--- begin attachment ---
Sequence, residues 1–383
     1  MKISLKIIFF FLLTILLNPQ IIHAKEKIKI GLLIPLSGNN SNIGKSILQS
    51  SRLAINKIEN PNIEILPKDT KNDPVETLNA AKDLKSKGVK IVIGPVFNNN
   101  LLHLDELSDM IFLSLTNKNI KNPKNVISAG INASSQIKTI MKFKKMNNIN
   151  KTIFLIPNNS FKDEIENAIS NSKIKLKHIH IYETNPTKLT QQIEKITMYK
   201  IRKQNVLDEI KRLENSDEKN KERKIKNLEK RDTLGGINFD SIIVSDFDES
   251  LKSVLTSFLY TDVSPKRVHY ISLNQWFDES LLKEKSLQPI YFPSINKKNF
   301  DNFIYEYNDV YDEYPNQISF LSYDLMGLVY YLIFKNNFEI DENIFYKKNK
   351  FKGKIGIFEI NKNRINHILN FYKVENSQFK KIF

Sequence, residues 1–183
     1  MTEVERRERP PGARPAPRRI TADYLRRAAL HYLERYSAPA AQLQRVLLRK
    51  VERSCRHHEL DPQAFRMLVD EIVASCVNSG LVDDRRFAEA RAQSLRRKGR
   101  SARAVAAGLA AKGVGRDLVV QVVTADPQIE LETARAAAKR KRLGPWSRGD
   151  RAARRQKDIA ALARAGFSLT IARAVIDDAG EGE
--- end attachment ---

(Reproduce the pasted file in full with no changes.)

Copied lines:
Sequence, residues 1–383
     1  MKISLKIIFF FLLTILLNPQ IIHAKEKIKI GLLIPLSGNN SNIGKSILQS
    51  SRLAINKIEN PNIEILPKDT KNDPVETLNA AKDLKSKGVK IVIGPVFNNN
   101  LLHLDELSDM IFLSLTNKNI KNPKNVISAG INASSQIKTI MKFKKMNNIN
   151  KTIFLIPNNS FKDEIENAIS NSKIKLKHIH IYETNPTKLT QQIEKITMYK
   201  IRKQNVLDEI KRLENSDEKN KERKIKNLEK RDTLGGINFD SIIVSDFDES
   251  LKSVLTSFLY TDVSPKRVHY ISLNQWFDES LLKEKSLQPI YFPSINKKNF
   301  DNFIYEYNDV YDEYPNQISF LSYDLMGLVY YLIFKNNFEI DENIFYKKNK
   351  FKGKIGIFEI NKNRINHILN FYKVENSQFK KIF

Sequence, residues 1–183
     1  MTEVERRERP PGARPAPRRI TADYLRRAAL HYLERYSAPA AQLQRVLLRK
    51  VERSCRHHEL DPQAFRMLVD EIVASCVNSG LVDDRRFAEA RAQSLRRKGR
   101  SARAVAAGLA AKGVGRDLVV QVVTADPQIE LETARAAAKR KRLGPWSRGD
   151  RAARRQKDIA ALARAGFSLT IARAVIDDAG EGE